Tag Archives: Vic

Scribes who knew more

Moving forward definitively at last into 2019 in my backlog, in February of that year I was mainly reading Wendy Davies‘s then relatively new book Windows on Justice in Northern Iberia 800–1000. I got two posts out of this, but it turns out on reviewing the drafts now that the first one I had kind of already written in two places. Therefore, here is just the second one, on the second part of the book, which is substantially about scribes and what they knew, especially in terms of formulae. It is great, obviously, because Wendy Davies. But there is one conclusion she has that stuck out at me and now that I look at it I have objections, but I also have examples that may mean I have to swallow those objections. Tricky, huh? So I invite you to read on…

Cover of Wendy Davies's Windows on Justice in Northern Iberia, 800-1000

Cover of Wendy Davies, Windows on Justice in Northern Iberia, 800-1000 (London 2016)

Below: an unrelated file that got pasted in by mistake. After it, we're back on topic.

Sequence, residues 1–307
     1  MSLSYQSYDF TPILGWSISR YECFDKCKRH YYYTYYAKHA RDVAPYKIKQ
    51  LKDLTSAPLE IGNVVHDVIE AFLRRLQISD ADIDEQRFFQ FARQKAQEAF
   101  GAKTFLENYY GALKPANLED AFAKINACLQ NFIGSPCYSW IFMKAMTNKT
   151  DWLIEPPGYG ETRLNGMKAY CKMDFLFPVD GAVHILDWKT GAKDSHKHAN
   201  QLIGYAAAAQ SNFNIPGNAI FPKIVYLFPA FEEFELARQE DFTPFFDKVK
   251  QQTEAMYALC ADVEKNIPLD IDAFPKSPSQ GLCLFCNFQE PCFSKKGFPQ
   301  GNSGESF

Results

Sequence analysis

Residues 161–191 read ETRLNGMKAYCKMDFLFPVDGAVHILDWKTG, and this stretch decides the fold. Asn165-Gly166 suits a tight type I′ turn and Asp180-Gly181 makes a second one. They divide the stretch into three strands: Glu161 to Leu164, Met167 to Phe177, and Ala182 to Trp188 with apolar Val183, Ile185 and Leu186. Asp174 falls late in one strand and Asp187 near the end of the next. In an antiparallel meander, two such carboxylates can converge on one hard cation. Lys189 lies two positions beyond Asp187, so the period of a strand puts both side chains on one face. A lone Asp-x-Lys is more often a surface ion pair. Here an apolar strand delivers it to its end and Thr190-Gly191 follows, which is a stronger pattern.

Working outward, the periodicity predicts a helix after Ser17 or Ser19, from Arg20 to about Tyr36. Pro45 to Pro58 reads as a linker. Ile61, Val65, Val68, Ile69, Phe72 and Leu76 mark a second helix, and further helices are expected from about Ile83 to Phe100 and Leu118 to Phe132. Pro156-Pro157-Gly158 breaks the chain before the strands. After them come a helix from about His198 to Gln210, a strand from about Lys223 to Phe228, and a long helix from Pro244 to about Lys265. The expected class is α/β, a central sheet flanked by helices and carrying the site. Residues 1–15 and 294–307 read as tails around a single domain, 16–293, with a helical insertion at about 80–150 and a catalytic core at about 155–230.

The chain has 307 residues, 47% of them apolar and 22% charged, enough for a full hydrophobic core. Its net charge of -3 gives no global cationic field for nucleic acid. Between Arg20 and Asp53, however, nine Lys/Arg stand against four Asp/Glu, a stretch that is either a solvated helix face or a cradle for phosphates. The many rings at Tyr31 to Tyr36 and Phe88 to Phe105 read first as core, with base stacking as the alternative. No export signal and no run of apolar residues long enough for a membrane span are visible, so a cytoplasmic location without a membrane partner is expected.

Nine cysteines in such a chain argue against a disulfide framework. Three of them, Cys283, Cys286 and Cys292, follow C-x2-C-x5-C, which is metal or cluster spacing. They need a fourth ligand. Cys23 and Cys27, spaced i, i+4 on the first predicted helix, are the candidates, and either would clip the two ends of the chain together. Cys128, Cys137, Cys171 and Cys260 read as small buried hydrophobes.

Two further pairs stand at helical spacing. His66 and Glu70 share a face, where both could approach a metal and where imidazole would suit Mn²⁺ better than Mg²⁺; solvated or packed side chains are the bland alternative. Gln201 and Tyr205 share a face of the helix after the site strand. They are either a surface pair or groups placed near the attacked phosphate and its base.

Wendy starts by categorising her documentary sample, and while I suspect she goes too far with this—I always suspect this with efforts of categorisation, I guess—there is a distinctive category she sets apart, which is big documents that narrate a judicial dispute and then have the outcome confirmed by important people.1 This is, she thinks, basically a monastic habit (um, as it were; I don’t appear to have meant the pun when I drafted this) and with her favourite example it’s clear firstly that other documents from earlier in the process were used (and reported slightly differently each time they were used), and secondly that there were several distinct episodes of confirmation some years apart, as if San Vicente de Oviedo‘s monks had a ceremony every now and then when the king was hosted at their place and got him to sign things (or, I suppose, when they solemnly trooped to the palace chanting and got him to do so, or whatever).2 There are a few documents in my sample with extra, later, confirmations on so I can imagine that happening in my world too.3